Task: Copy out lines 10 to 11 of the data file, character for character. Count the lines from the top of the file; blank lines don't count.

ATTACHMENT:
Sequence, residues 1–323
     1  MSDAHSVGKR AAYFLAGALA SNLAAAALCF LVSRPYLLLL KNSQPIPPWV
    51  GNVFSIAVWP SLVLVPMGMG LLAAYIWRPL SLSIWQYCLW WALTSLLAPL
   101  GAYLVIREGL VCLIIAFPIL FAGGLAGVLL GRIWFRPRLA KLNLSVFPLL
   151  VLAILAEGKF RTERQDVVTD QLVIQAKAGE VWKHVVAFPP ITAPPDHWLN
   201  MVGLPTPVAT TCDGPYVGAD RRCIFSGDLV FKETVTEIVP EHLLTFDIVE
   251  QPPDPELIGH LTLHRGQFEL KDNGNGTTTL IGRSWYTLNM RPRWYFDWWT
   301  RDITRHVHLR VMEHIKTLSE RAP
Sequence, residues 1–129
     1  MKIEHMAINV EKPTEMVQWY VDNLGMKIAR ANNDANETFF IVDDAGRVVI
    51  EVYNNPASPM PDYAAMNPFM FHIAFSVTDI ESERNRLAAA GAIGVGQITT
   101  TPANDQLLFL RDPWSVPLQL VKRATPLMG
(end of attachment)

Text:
     1  MKIEHMAINV EKPTEMVQWY VDNLGMKIAR ANNDANETFF IVDDAGRVVI
    51  EVYNNPASPM PDYAAMNPFM FHIAFSVTDI ESERNRLAAA GAIGVGQITT